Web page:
I wonder how many journalists actually read the extract above? How many of those understood it? How many of those spent time considering all the possible implications?

      1. Observer

        I wonder how many journalists actually read the extract above?

        It would have been emailed to each of them and prpvided in a physical copy as well.

        How many of those understood it?

        Who knows, but I am presuming that they aren’t blundering idiots. Maybe you think journalists aren’t capable of reading things or asking questions, but I think they generally are.

        How many of those spent time considering all the possible implications?

        Either some, none or all of them.

  2. Clampers Outside!

    If they are ‘private’ why don’t pay for it them themselves.

    There is NOTHING private about the use of public money. End of! Private use of public money IS corruption.

    1. Observer

      Grand.

      So the private papers of a TD relating to a constituent (say a whistleblower) should be released if they were shared with the Oireachtas report staff to do proper research?

      1. ahjayzis

        No – the receipts and invoices related to the public money they’re spending.

        I don’t need to see their health records, dental records or bank statement.

        What is the legal or constitutional impediment to separating those out from genuine private papers?

        1. Observer

          What is the legal or constitutional impediment to separating those out from genuine private papers?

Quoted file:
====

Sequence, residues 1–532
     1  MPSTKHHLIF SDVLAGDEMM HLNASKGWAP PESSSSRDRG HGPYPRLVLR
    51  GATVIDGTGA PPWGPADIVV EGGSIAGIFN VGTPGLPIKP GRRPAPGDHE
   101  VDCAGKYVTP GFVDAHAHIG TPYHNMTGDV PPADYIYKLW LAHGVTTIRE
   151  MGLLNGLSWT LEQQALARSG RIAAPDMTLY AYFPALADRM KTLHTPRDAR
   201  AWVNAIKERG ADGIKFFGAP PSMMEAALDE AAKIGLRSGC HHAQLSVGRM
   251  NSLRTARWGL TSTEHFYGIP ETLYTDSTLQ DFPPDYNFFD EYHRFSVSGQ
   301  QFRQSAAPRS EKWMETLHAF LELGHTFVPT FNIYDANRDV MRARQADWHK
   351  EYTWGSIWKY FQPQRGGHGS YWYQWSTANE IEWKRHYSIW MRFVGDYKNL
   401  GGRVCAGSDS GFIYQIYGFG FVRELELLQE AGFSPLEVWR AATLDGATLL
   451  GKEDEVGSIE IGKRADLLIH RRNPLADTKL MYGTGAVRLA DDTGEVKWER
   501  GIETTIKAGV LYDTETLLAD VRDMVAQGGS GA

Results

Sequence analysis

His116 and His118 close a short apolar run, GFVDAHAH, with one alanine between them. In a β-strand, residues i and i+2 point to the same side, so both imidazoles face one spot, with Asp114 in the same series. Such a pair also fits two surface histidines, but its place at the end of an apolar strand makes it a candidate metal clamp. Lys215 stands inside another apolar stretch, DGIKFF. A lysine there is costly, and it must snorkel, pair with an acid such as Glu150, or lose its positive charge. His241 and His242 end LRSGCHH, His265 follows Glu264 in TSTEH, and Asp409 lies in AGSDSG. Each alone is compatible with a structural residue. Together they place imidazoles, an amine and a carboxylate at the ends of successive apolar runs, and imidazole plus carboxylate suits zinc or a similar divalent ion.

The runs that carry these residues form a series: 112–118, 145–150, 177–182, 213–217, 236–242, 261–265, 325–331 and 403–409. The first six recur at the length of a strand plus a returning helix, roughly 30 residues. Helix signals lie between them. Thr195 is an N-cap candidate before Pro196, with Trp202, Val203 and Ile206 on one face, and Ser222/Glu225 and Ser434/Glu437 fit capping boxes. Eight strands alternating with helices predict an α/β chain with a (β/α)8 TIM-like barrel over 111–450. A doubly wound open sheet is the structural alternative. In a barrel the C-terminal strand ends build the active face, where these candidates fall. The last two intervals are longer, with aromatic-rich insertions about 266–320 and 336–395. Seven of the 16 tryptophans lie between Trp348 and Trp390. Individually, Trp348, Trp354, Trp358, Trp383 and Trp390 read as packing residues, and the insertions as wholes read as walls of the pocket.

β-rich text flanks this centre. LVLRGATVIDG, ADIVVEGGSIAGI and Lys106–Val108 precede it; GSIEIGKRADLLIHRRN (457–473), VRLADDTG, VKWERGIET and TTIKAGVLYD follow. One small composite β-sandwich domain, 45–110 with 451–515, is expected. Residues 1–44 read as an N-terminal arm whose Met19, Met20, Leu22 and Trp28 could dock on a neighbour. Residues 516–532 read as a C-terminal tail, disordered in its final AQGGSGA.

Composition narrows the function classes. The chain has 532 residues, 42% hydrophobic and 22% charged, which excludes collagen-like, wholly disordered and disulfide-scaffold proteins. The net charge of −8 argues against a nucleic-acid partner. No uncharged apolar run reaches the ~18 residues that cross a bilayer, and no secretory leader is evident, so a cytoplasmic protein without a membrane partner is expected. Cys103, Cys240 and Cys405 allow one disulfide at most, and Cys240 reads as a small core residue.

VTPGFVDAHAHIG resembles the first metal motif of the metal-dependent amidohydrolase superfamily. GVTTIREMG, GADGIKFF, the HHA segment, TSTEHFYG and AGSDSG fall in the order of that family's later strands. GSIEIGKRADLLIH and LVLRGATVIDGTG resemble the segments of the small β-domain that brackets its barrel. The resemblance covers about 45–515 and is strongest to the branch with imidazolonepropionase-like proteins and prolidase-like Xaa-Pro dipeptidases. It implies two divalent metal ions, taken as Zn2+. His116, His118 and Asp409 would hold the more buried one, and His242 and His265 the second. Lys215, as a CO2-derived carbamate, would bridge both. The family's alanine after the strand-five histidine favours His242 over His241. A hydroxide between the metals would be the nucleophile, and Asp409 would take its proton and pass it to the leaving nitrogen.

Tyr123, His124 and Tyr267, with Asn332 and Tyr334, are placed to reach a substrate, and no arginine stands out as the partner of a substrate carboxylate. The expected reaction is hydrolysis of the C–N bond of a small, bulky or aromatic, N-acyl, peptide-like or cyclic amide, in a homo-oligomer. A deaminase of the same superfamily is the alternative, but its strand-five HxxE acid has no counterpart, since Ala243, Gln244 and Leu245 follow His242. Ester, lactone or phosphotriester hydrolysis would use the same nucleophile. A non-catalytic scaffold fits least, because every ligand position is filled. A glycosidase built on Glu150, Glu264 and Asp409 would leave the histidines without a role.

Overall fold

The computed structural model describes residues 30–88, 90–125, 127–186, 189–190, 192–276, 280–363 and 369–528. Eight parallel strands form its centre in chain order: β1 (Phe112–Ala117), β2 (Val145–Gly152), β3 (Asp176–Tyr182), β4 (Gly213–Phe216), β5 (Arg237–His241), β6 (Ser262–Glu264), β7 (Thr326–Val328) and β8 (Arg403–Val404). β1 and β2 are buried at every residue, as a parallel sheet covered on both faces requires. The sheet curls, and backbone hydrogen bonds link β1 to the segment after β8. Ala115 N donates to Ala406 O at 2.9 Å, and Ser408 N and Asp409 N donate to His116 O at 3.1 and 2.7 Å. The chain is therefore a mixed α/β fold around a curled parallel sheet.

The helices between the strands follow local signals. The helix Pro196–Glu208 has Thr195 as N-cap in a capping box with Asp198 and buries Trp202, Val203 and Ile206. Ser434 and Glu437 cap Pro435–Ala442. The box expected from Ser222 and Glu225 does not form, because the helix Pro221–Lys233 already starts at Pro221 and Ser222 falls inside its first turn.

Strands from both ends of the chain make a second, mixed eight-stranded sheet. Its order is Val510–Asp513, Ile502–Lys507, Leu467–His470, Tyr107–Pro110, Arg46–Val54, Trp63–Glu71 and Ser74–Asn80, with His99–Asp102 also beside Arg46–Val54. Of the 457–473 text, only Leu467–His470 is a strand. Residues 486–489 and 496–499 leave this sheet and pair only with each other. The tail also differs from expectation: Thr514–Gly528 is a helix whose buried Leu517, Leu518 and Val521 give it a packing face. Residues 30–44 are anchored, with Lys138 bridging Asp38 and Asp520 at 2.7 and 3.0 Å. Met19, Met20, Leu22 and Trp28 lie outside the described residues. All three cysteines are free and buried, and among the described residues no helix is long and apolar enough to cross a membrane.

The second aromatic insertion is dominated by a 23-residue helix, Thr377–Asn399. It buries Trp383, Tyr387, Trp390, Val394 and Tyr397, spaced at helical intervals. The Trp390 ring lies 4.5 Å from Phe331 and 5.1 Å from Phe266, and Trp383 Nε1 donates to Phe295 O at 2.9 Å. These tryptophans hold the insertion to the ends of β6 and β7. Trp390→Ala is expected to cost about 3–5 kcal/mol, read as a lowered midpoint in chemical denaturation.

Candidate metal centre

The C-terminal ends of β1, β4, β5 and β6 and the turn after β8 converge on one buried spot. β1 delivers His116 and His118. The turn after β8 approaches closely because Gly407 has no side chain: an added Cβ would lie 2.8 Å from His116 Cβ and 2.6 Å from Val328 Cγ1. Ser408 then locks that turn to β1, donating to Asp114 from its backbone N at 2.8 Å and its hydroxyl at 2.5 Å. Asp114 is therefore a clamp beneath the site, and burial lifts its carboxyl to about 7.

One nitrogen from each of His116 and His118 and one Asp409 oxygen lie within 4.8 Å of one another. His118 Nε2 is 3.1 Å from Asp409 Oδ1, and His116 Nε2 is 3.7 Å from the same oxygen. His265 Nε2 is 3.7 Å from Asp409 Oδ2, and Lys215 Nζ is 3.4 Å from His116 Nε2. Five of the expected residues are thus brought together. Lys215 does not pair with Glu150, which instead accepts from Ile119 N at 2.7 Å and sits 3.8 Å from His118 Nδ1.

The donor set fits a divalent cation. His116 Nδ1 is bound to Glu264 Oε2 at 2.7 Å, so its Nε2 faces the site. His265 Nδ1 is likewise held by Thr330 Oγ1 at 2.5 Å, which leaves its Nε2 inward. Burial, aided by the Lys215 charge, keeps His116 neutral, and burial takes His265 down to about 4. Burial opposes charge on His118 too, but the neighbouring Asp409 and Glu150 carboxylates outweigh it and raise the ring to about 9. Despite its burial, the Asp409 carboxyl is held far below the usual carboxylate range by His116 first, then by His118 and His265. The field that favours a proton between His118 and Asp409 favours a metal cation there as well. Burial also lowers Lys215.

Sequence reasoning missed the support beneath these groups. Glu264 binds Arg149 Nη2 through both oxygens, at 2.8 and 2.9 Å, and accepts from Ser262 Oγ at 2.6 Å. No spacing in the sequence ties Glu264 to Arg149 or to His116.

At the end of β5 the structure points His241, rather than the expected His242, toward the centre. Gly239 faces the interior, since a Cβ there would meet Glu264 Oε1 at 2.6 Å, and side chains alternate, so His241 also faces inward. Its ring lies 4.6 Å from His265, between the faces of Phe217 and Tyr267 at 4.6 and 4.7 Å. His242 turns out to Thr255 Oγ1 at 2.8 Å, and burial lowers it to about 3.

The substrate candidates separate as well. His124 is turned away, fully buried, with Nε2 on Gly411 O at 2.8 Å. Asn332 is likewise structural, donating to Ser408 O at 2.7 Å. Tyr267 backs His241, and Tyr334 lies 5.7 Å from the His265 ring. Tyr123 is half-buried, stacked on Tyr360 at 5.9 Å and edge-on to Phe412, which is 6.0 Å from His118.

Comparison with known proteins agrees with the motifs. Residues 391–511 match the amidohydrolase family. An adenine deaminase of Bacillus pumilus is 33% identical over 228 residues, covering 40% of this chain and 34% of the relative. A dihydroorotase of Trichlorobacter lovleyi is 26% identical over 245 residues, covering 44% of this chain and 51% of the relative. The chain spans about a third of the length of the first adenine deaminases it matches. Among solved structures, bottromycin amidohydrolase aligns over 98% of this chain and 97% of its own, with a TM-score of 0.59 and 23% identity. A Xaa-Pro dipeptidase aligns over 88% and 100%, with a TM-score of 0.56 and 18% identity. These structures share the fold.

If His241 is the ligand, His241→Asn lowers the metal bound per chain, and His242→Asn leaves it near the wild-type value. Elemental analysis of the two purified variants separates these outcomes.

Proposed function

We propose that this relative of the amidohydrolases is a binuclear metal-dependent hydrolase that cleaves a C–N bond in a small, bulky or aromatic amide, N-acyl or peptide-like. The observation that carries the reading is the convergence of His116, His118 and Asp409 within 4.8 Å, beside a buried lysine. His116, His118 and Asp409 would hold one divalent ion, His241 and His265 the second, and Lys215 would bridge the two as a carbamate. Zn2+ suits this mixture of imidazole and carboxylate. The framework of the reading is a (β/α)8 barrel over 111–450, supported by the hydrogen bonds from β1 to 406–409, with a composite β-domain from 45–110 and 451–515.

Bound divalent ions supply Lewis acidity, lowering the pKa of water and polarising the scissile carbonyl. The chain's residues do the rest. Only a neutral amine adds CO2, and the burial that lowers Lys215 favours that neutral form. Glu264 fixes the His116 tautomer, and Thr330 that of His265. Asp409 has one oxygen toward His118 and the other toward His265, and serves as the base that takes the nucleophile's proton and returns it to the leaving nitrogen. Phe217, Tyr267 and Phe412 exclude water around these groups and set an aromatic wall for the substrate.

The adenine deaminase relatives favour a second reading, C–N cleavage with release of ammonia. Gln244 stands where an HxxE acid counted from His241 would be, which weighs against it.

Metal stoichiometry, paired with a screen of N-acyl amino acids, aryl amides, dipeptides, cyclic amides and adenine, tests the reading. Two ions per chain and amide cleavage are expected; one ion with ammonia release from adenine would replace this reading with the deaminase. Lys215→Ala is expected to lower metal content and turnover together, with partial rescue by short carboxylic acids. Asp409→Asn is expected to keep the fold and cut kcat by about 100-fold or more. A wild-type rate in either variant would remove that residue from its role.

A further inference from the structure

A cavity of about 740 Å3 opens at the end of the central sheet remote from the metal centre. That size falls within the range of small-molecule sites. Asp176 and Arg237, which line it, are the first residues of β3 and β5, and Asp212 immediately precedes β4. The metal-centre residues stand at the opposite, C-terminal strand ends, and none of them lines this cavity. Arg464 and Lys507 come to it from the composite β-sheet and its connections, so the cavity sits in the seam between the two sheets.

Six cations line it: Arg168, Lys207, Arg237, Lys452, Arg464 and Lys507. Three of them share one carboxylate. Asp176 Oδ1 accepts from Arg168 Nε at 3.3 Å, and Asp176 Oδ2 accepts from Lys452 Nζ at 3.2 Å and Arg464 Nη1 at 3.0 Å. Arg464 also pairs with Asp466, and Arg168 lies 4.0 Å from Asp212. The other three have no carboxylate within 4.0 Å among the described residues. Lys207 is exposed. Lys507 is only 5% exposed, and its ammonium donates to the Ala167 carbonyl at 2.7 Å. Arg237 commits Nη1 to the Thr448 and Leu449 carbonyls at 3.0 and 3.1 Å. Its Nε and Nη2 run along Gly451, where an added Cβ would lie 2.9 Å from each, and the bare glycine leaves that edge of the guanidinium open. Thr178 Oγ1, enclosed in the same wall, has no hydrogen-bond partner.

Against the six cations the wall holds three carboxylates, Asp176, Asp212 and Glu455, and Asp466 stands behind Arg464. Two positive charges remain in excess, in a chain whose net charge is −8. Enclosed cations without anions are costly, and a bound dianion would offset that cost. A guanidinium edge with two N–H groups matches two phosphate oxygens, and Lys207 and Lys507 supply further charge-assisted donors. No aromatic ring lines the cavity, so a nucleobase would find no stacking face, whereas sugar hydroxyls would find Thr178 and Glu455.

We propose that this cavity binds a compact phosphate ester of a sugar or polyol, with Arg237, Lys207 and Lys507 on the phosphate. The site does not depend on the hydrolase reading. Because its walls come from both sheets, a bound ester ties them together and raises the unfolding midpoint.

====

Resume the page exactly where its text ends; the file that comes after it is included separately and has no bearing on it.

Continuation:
Yes, because precedents don’t matter.

          Establish a precedent on these papers, and think about where it will take us. Think about who out there might want to look at ways at getting access to TD’s private papers.

          1. classter

            Fine, then bring in legislation to clearly differentiate between information provided when claiming expenses & actual ‘private papers’.

            It can’t be that difficult.

          2. Anomanomanom

            Are you being serious. Making all expenses vouched or unvouched not “private” will not start a riot in the media to know every private thing a td does.

          3. ahjayzis

            Wow, that’s a ludicrously broad interpretation of the concept of a precedent.

            In that case, since they already submit tax clearance certificates and fill out members interests forms – relating their own money – the precedent has been set, I want access to their online banking accounts now.

    2. My Meaty Member

      This is nonsense clamps sorry

      there’s a lot of examples where for example spending of essential defense money would be by definition classified in the national security interest for example if the gardai were earning overtime to monitor a terror cell

      each case should be judged on its merits however and I guess vouched expense receipts could be easily exempted from the private papers subclause

  3. DubLoony

    If it went through the Dail, it wan’t quietly introduced, it jsut probably wasn’t noticed.

    Any taxpayers money being used to fund politicians is not private. Its MY money and I want to know what they did with it.

  4. Ken Foxe

    Have absolutely no interest in opening up private correspondence of TDs and Senators to exposure. They are rightly “private papers” and require protection. However, receipts and invoices that are claimed back from public purse do not need protection and should be public.

  5. Frilly Keane

    Observer
    Why would a constituent appear on an TDs expenses claim?

    Unless the TD claiming the reimbursement spent monies on the Constituent…. Perhaps

    Wining and dining the Constituent….
    Paying the Constituent …

    Consider yourself Observed

Comments are closed.